Impressions from Israel - The American Spectator | USA News and Politics
Impressions from Israel

I spent last week in Israel on a trip sponsored by the American Israel Education Foundation, which is an AIPAC-linked charitable organization. When you travel around the country and speak with public officials, citizens, and scholars, it becomes clear that there isn’t any sort of monolithic opinion of Israelis, so it was a good opportunity to get a variety of perspectives ranging from a far-right settler who doesn’t believe the much discussed two-state solution model is practical to a mom who supports the current peace process. I also had a chance to speak with a negotiator for the Palestinian Authority. It’s hard to know where to start, but I figured I’d offer the following impressions, and hopefully as the week goes on I’ll try to provide more detail on at least some of them.

— It’s pretty clear to me that the Israeli government views the possibility of Iran obtaining nuclear weapons as a worse outcome than the consequences of military action against the Islamist state.  While the rest of the world — including America – struggles with the issue, Israelis I spoke with believe that they don’t have the luxury to gamble on whether or not Iranian President Mahmoud Ahmadinejad is serious about his threats to wipe them off the map. (Whether or not Ahmadinejad himself has power, or is merely a mouthpiece for the ayatollahs, is irrelevant in this context). While the threat to Israel from Hamas, Hezbollah, and other terrorist groups is profound, a nuclear Iran would present an immediate existential threat. A significant majority of the Israeli population lives on a narrow band of coastal land north and south of Tel Aviv, so any nuclear attack there would have catastrophic consequences. Israelis hope that economic sanctions can stymie Iran’s nuclear ambitions (especially with oil prices falling), but they are also convinced that time is running out, and they are prepared to do whatever it takes if sanctions don’t do their job.

— Israelis, overall, don’t really know what to make of Barack Obama’s victory. Most of those who I spoke with viewed Obama as intelligent, charismatic, and as a gifted orator.  But from there, the views I got were quite divergent. Some Israelis were positive about him, and thought that his intelligence would guide him to the right conclusions. Those who liked Obama were somewhat envious of the U.S. for having an exciting new leader, given the boring choices in their own upcoming elections (more on that below). However, I also spoke to a number of Israelis who are a bit nervous about Obama given his conflicting signals on Israel and the fact that they simply don’t know him as well as other American politicians. One man said he was utterly perplexed that Americans’ memories could be so short that they would elect somebody so inexperienced just seven years after the Sept. 11 attacks. He said he thought Obama’s victory speech was amazing, but he went back and replayed it several times and was shocked that Obama did not mention 9/11 once — not even when he recounted the events witnessed by the 106 year-old woman. The Israelis will be watching his national security-related appointments quite closely.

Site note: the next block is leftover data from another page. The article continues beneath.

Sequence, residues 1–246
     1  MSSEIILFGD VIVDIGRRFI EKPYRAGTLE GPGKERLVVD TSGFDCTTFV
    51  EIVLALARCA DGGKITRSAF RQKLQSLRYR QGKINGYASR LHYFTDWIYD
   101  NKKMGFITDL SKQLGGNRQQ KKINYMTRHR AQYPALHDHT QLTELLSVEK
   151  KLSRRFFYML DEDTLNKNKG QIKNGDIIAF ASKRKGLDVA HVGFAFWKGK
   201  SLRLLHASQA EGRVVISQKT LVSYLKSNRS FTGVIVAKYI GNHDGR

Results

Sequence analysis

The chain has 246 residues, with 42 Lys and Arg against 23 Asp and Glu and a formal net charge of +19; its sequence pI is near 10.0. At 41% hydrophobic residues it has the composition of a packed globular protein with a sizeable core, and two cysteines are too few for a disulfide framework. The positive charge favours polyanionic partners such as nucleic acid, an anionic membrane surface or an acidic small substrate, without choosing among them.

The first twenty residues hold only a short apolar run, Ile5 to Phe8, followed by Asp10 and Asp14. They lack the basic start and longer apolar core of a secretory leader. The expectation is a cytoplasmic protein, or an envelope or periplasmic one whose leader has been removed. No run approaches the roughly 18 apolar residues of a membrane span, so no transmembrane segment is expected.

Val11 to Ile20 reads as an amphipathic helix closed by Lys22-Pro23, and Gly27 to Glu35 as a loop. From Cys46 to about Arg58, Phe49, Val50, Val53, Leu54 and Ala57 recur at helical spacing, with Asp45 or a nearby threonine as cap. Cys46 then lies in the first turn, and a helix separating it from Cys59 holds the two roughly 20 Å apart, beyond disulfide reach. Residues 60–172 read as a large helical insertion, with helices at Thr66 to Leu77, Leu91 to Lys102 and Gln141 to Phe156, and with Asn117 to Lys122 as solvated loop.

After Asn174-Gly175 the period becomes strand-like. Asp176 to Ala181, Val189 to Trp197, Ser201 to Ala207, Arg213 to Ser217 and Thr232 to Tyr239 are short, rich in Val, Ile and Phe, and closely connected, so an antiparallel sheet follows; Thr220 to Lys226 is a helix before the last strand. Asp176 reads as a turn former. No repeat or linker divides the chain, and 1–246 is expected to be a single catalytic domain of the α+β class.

— The Israeli elections are coming up in February, and right now polls show a tight race between Kadima, led by Tzipi Livni, and Likud, controlled by Benyamin Netanyahu, with Ehud Barak’s Labor way behind. Overall, Israelis are dispirited with their choices. Barak and Netanyahu already served as prime ministers and were overwhelmingly thrown out of office, while Livni lacks experience and represents a party that has been run by the widely unpopular Ehud Olmert. With Livni arguing for continuing the peace process and Netanyahu calling for pulling out and focusing on economic development in the Palestinian territories, the election outcome will largely be determined by events over the next three months. If the current relative calm persists, then Kadima has a better chance of winning, but if violence flares up before the election and Israelis become much more skeptical about the current prospects for peace, than it would favor Netanyahu’s Likud.

— I’m more convinced than ever that the current peace process between Israel and the Palestinian Authority is a joke. The PA has absolutely no control over Hamas, which has only grown in military strength since the Israelis pulled out of Gaza. With Hamas in control of the area, rockets continue to harass citizens in southern Israel, and the terrorist group is no closer to reconciling with the Fatah arm of the PA. Earlier this month, Hamas pulled out of planned talks with Fatah, and a clash between the two groups is likely in January, when Palestinian President Mahmoud Abbas’ term ends. He’s arguing for an extension of his term until 2010, which Hamas is fiercely opposed to. If the Palestinians cannot make peace among themselves, Abbas is powerless to prevent attacks originating from Gaza, and his grip on power is tenuous, it makes little sense for the Israelis to strike a deal with him. A PA negotiator I spoke with was dismissive of the Hamas issue, and tried to argue that Israel should cut a peace deal with the PA first, and then Hamas could be dealt with easier afterward.  But imagine if the Israelis came to the negotiating table and told the Palestinians that they wanted peace, but had no control over the IDF. Still, the peace process itself does have an appeal to some Israelis. One Jerusalem mother of three who I spoke with explained to me how difficult it would be to continue living under the constant threat of Palestinian terrorism if there were no hope that the issue could be resolved peacefully.

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